Sometime in my late 20s, I lamented to my boss that I was having a mid-life crisis. I think this had something to do with the Olympic games that were being held that year. I loved watching gymnastics and couldn’t help but think that it should be me on television in a leotard flipping and flopping and flying on behalf of my country. Never mind that I had yet to take a single gymnastics lesson in my life. My heart ached to do something with so much passion that it would literally propel me skyward — while also managing to land me firmly on my feet. Plus, I liked the sequins.
At the time, I was married with no kids. With a career in fundraising for a children’s hospital, the work I did was inherently meaningful – and we have already established that I had a kind boss tolerant of premature mid-life crises. I had a house, some cats, a dog, a good husband, and a job. And yet, I had this nagging feeling that if not an Olympic gold medalist, wasn’t I meant for more?
The question of purpose arises intermittently like a bad stomach virus that leaves me longing for the merciful reprieve of a saltine cracker. Life’s epic search for meaning seems like it should take a straight path hurdling over obstacles, dismounting into some profound contribution to humanity, and landing with the specter of triumph (and yes, maybe even a gold medal around one’s neck.) Instead, it throws me off-balance like a gymnast teetering on the brink of a disastrous fall. My trajectory towards something meaningful can feel like an angsty wobble of futility leaving me more frustrated than fulfilled. The great mercy in having been through this multiple times is that I now realize our contributions to the world aren’t always noticeable — even to ourselves. That’s the humility of it.
Recently, a friend who I often suspect is a living, breathing saint, confided that she feels as if she should be doing something “more” or “different” with her life. As much as I admire the impact she has had on myself and others, I understand the emptiness she feels. It’s the emptiness of our humanity that aches for connection to God. It’s that inherent longing to make a difference, to make our lives count, and to find meaning brilliant enough to shine through the cloud of mundanity that we perceive as life’s ordinariness.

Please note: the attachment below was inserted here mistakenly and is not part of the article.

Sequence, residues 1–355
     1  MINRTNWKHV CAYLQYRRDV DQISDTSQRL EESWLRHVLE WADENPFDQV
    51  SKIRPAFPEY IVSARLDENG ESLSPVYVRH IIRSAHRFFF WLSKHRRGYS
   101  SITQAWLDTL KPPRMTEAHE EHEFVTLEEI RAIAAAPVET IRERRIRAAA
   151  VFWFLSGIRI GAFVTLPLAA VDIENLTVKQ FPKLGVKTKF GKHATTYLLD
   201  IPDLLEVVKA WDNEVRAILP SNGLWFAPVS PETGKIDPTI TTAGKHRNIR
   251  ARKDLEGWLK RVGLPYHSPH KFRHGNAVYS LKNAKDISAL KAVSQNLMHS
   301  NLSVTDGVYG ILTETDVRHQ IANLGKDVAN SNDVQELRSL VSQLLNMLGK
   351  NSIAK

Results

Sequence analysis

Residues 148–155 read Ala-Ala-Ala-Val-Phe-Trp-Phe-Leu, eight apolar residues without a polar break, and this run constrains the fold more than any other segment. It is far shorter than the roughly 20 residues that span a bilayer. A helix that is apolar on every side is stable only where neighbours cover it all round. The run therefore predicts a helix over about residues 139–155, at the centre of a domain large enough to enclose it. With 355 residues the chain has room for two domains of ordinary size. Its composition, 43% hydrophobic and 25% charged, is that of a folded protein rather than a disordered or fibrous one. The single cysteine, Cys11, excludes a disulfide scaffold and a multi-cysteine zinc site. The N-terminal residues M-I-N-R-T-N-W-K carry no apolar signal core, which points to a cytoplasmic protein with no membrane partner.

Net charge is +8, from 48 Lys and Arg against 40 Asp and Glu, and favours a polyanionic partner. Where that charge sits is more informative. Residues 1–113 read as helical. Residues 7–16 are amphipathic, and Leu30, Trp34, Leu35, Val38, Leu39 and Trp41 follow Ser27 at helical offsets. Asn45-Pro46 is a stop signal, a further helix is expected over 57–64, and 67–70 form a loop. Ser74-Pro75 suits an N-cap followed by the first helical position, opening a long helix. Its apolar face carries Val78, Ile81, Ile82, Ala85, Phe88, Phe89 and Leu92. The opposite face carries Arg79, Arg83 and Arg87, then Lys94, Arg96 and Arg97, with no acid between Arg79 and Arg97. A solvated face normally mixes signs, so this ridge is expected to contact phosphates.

Yet, our lives are not ordinary and our purpose has nothing to do with worldly accomplishments. It is to love and serve God and our neighbor. Nothing more. Nothing different. It is to do the next right thing. It is to surrender our expectations and be open and obedient to His. Sure, it’s important to be willing to change paths or answer a call that is tugging at our hearts. It’s just that our purpose has little to do with what we do and everything to do with how we love. It is because of my friend’s unwavering trust in God, that my own trust in him has grown. It is because of her, that I pray the rosary daily. By committing myself to her example, I am able to show love through prayer. I may never see the difference that makes in the world, but I do completely trust that the ripple of what she has taught me will spread beyond what either of us will likely ever see. When I think of that, the question of purpose doesn’t seem like it should command so much of the spotlight. It’s the answer of love that’s the real show stopper.
May we love like we have sequins on.
Having a serious health issue has given me another opportunity to pause and think about my life’s meaning. While I have many thoughts that I look forward to sharing with you, my purpose right now is to simply say thank you for the prayers, encouragement, and warm thoughts that so many of you have shared. I can’t possibly tell you how much hope it gives me. Likewise, I am praying for all of you (this is somewhat selfish because I figure I have to keep you all well so you can pray for me and keep me well too!) Either way, I am trusting that by sharing God’s love with each other (as you all have so generously done with me) then his love will spread, and heal, and bring peace to many. I can’t think of a better purpose for anyone. ~ Lara
Read last week’s post here.